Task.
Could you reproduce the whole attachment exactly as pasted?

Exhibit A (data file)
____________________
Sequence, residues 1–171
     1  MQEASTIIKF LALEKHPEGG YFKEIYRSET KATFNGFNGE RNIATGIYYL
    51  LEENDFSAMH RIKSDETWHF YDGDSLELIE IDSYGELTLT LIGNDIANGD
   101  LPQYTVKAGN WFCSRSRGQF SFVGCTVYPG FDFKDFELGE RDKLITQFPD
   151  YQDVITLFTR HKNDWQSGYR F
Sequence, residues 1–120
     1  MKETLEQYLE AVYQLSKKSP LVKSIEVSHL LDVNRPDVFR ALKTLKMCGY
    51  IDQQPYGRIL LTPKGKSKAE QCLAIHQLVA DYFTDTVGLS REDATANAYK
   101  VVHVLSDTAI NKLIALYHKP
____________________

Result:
Sequence, residues 1–171
     1  MQEASTIIKF LALEKHPEGG YFKEIYRSET KATFNGFNGE RNIATGIYYL
    51  LEENDFSAMH RIKSDETWHF YDGDSLELIE IDSYGELTLT LIGNDIANGD
   101  LPQYTVKAGN WFCSRSRGQF SFVGCTVYPG FDFKDFELGE RDKLITQFPD
   151  YQDVITLFTR HKNDWQSGYR F
Sequence, residues 1–120
     1  MKETLEQYLE AVYQLSKKSP LVKSIEVSHL LDVNRPDVFR ALKTLKMCGY
    51  IDQQPYGRIL LTPKGKSKAE QCLAIHQLVA DYFTDTVGLS REDATANAYK
   101  VVHVLSDTAI NKLIALYHKP